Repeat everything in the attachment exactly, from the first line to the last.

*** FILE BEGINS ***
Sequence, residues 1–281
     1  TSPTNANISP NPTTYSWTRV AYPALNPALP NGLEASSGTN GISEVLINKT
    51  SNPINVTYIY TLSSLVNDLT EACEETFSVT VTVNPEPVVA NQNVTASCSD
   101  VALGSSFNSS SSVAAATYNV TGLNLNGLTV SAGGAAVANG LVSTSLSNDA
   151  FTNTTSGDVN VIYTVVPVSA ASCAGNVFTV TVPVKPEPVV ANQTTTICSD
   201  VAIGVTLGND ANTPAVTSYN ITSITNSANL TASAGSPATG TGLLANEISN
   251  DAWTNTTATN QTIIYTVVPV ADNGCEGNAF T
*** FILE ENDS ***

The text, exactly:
Sequence, residues 1–281
     1  TSPTNANISP NPTTYSWTRV AYPALNPALP NGLEASSGTN GISEVLINKT
    51  SNPINVTYIY TLSSLVNDLT EACEETFSVT VTVNPEPVVA NQNVTASCSD
   101  VALGSSFNSS SSVAAATYNV TGLNLNGLTV SAGGAAVANG LVSTSLSNDA
   151  FTNTTSGDVN VIYTVVPVSA ASCAGNVFTV TVPVKPEPVV ANQTTTICSD
   201  VAIGVTLGND ANTPAVTSYN ITSITNSANL TASAGSPATG TGLLANEISN
   251  DAWTNTTATN QTIIYTVVPV ADNGCEGNAF T